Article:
Hard sanctions on Russian palladium unlikely to stem metal flows, says Amplats’ Viljoen

Natascha Viljoen, CEO, Amplats

THE palladium price was about 7% higher as the market absorbed the sanctioning by the UK government of Vladimir Potanin, described by Bloomberg News as Russia’s richest man.

Potanin is also the president of MMC Norilsk Nickel (Nornickel) – one of the world’s largest producers of nickel, palladium and copper.

It wasn’t clear whether the sanctions on Potanin would extend to Nornickel, the newswire said. Potanin is the company’s top executive and owns over 30% through his investment company Interros, said Bloomberg News.

Nickel prices jumped 9.2% before paring gains.

On April 8, the London Platinum and Palladium (LPPM) Market suspended two government-owned Russian platinum refiners from its good delivery and accreditation list. This followed a similar ban on certain PGM bands delivered by Russian refiners by the CME Group/NYMEX exchange.

However, Anglo American Platinum (Amplats) CEO, Natascha Viljoen said the previous bans had had almost no impact on the market and that sanctions – even tougher ones – might not stem metal supply.

“Metal continues to flow out of Russia. There’s no sanctions yet on Norilsk,” Viljoen told media on Tuesday. “We don’t see the ban on the good delivery bar by the LPPM has had an effect. We do not see that it has influenced current production.”

“Even with hard sanctions in Europe, they (Russian producers) will continue to move that metal through China and India. There are other routes,” said Viljoen.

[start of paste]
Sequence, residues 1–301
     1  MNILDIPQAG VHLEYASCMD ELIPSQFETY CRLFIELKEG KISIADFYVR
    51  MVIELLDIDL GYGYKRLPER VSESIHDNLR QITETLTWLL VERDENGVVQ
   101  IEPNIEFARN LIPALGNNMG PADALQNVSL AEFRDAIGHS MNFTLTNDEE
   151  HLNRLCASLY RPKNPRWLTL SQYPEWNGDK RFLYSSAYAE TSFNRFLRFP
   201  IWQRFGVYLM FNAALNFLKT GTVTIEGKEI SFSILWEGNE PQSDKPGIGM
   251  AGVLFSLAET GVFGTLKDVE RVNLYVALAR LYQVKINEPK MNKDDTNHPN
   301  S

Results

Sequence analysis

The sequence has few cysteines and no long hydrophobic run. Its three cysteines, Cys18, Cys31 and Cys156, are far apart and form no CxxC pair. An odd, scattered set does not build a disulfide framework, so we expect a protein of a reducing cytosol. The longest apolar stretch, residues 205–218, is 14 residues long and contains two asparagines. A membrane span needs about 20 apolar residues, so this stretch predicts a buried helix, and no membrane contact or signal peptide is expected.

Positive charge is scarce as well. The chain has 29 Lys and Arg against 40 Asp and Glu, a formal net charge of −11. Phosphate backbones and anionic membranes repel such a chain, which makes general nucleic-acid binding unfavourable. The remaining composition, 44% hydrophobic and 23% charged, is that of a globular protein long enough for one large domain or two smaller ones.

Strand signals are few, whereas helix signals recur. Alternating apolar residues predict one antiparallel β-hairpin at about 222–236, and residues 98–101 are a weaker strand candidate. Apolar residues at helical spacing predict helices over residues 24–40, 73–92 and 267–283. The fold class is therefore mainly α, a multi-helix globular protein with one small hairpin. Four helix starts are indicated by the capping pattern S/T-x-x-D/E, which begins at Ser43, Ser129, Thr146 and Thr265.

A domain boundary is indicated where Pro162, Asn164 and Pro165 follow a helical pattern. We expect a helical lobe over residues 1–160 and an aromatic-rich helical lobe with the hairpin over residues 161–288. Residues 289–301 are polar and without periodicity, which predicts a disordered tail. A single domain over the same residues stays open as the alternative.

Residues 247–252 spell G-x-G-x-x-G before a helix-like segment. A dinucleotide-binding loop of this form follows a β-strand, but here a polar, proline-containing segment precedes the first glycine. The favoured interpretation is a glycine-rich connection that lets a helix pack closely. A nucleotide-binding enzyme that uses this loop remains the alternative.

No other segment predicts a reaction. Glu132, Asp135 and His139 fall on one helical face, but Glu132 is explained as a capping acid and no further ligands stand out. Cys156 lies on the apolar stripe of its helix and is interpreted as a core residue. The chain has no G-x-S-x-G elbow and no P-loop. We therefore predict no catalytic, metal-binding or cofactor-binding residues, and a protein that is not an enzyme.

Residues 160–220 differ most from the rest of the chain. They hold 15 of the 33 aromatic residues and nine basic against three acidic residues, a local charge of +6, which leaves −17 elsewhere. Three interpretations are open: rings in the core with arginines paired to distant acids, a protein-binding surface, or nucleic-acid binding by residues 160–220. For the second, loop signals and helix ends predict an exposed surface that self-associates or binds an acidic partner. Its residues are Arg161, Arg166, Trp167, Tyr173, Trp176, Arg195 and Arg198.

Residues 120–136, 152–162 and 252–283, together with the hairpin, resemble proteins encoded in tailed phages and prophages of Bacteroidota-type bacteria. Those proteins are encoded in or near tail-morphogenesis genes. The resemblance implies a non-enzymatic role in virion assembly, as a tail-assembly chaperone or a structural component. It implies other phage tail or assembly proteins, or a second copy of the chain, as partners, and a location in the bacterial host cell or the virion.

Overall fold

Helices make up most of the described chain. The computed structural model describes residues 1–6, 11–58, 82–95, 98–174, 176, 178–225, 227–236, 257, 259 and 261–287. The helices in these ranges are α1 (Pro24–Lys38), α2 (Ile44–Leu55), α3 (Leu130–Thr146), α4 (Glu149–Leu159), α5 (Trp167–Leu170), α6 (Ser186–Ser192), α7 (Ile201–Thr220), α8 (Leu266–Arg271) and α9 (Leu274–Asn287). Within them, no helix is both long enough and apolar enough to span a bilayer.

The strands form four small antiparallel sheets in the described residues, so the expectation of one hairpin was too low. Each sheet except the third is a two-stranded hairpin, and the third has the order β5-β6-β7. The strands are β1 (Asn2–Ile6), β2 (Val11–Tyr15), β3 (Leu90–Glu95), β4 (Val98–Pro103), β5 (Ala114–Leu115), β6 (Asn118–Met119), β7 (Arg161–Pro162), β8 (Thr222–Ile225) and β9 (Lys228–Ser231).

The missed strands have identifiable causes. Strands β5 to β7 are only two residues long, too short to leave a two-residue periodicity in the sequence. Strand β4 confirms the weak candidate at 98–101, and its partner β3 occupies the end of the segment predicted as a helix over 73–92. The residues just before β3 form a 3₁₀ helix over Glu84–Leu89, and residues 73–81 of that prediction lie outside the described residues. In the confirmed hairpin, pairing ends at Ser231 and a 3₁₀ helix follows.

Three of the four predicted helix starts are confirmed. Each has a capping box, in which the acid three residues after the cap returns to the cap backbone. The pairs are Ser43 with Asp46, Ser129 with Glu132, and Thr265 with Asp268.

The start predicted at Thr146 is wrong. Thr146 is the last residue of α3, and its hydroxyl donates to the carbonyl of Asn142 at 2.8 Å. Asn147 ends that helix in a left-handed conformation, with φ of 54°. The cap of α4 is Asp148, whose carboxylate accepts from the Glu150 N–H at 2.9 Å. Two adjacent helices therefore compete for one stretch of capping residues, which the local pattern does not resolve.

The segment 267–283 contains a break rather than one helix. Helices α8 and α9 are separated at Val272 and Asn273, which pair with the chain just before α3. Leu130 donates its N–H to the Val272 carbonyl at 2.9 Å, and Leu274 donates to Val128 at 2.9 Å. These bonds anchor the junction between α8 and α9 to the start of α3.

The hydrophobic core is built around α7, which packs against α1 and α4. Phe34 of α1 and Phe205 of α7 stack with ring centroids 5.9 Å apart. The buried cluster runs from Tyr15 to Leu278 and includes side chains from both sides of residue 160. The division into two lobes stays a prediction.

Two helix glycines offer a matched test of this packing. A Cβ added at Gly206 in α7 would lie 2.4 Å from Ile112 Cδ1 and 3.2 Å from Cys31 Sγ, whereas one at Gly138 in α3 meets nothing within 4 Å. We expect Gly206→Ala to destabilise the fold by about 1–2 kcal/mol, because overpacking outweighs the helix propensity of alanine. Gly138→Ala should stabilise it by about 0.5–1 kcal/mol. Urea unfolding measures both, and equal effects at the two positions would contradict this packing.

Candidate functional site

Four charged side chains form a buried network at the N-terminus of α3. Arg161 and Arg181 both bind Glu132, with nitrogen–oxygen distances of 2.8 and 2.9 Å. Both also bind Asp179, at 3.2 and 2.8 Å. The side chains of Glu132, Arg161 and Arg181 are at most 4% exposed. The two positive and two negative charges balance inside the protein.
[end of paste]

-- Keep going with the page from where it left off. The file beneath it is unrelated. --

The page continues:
Potanin, whose net worth is $37.1bn according to the Bloomberg Billionaires Index, has until now largely avoided western sanctions that have been imposed on other members of the Russian elite. He was sanctioned by Canada in April.

In its updated sanctions list, the UK said Potanin “is obtaining a benefit from or supporting the Government of Russia by owning or controlling Rosbank” – a financial institution that Potanin bought from Societe Generale SA. But it made no mention of Nornickel.

UK government sanctions on individuals automatically extend to any company they own or control, said Bloomberg News.

The efficacy of sanctions on Russian supply of minerals was also questioned earlier this month by Richard Duffy, CEO of Petra Diamonds.

“I don’t share confidence that there will be no Russian supply (of rough diamonds) as we will see it through China and India,” he said at the Junior Indaba, a conference. “But we are seeing some pull-back,” he said of rough diamond supply.